Calcium is definatly a key nutrient for healthy plants. You should send in a soil test to find out what levels you have of calcium and other nutrients.
Most state University have soil testing services.
Calcium levels should be at least 3000 lbs per acre on soil tests. If you are below 2000 lbs your pretty safe to add 5 lbs of Gypsum per 100sq ft. this fall and another 5 lbs. in the spring.
If you dont have a soil test done, I think your safe to add only 5 lbs gypsum per 100sq ft. by broadcasting it on top of the leaves.
Do not add more than this amount at one time or you may cause a \"soil Imbalance\".
I added 5 lbs gypsum per 100 sq ft. In the fall(4 yrs ago) when I planted seeds(Wild Simulated) and 5 lbs gypsum in the spring. Some of those 4 year old plants this year were starting to produce seeds.
Note: My soil test before planting showed about 900 lb per acre. After two 5 lb per 100 sq ft. applications of Gypsum, soil test showed about 3000 lbs per acre.
I have about 600-700 we transplanted out of a walnut grove I
have had seng in for about 13years. I harvest and dry the good looking ones, but saved the ugly, unmarketable roots and transplanted them onto mountain land. They neverreally produced seed in the grove (real dry), and they have been devoured by deer three years in a row on the mountain land. Not that the deer didn't get their share in the grove too.
But the ones who have made it through have had few seed, andthese are 10 yr old avg roots.
My guess would be to start adding some nutrients, especially gypsum. Add gradually over a period of one to two years. Apply in the fall after the tops have died and in the spring before the root tops emerge.
I found the info below online on the N/P/K components of fertilizer.
Nitrogen helps plant foliage to grow strong. Phosphorous helps roots and flowers grow and develop. Potassium (Potash) is important for overall plant health.
Seeds come from Berries which come from Flowers/blooms.
Phosphorous helps with root and flowers.
I looked all over the bags of Gypsum that I have and could not find a N/P/K rating on them anywhere. I also looked on line a bit and could not find anything that mentions the N/P/K of Gypsum.
As a Organic Gardner I do know that Bone Meal is a good organic fertilizer and is high in Phosphorous.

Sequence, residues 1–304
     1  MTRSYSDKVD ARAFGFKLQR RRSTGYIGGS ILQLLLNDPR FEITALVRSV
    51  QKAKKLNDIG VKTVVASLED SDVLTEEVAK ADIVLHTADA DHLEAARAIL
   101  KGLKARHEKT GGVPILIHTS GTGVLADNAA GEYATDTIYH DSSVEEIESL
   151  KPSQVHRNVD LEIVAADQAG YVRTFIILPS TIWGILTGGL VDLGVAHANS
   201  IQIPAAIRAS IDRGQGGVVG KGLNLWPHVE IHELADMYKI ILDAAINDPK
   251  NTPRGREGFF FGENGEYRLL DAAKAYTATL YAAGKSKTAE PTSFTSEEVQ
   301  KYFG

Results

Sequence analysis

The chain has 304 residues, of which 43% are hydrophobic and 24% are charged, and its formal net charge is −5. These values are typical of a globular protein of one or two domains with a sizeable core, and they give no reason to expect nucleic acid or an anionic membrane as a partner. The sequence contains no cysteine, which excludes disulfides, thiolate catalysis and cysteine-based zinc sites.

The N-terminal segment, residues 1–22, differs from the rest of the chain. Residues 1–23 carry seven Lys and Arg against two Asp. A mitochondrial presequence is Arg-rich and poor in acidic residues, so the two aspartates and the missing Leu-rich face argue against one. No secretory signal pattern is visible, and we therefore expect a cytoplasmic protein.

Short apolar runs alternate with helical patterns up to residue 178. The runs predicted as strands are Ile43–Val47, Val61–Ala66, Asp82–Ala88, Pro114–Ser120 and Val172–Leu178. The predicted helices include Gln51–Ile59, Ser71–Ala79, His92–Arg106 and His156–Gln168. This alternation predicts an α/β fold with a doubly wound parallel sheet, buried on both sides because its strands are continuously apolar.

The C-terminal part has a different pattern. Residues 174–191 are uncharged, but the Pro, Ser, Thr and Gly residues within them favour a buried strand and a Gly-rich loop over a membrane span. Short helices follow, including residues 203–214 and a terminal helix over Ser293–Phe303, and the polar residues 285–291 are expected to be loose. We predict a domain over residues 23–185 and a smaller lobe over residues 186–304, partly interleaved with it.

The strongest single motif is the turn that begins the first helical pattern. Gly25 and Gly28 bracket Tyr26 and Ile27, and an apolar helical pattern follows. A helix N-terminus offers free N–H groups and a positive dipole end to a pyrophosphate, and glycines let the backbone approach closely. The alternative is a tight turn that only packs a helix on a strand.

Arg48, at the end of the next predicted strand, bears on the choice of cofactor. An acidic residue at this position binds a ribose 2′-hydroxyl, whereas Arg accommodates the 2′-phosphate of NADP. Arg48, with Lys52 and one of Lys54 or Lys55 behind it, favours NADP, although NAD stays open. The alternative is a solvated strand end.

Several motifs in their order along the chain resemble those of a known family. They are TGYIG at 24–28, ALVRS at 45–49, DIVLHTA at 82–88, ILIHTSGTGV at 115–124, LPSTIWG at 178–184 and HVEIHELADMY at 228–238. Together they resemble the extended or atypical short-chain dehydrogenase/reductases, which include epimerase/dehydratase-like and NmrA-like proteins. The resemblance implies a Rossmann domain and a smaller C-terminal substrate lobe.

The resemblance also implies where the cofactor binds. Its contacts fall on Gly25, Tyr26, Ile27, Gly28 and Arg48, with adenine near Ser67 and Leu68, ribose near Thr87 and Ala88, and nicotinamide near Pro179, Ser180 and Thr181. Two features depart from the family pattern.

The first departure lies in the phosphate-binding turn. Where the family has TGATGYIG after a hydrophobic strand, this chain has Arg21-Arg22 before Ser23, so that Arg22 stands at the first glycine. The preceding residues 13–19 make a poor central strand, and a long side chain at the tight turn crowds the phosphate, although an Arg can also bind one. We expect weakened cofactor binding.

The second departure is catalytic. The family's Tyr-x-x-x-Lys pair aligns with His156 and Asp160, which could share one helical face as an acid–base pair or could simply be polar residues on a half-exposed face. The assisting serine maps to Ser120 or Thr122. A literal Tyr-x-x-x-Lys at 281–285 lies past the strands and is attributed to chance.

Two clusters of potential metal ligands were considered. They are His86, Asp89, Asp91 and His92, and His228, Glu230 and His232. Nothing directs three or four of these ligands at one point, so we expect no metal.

Walmart has a rather new Bone Meal product that is not made from bone and it is rated 6/9/0 on N/P/K. I have used it in my garden on tomatoes and other veggies and had real good luck.
You can still get the real bone meal (made from ground animal bones) if you look around some. They have it at one of our local garden centers. It is rated 4/12/0 - a bit lower on Nitrogen and higher on Phosphorous.
When I was adding stuff to my seed producing bed I added 2 lbs of the walmart brand bone meal to it.
Since seeds come from berries come from flowers - and phosphorous is important for flower development perhaps adding a good dose of a organic phosphorous fertilizer like bone meal might help.
It sure helps on tomatoes in the garden - you have to have blooms to get tomatoes and I know for sure that bonemeal helps for that. A lot of gardners use it on roses and other bulb type blooming flowers.
Bone meal (the real stuff made from bones) is also a good source of calcium.
Soil moisture is the most important element in growing for seed and root the wild sim way.
The plant gets it's nutrience from the first 3 or so inches and this needs to be moist in the dry season, the base soil should be good for drainage.
If wild grows in your area why add stuff. Just pick good spots to plant.I've seen it grow very good in a lot of soil conditions and when you start adding stuff you get problems.It even grows on the inside corner of my dog house where the floor meets the wall. Moisture!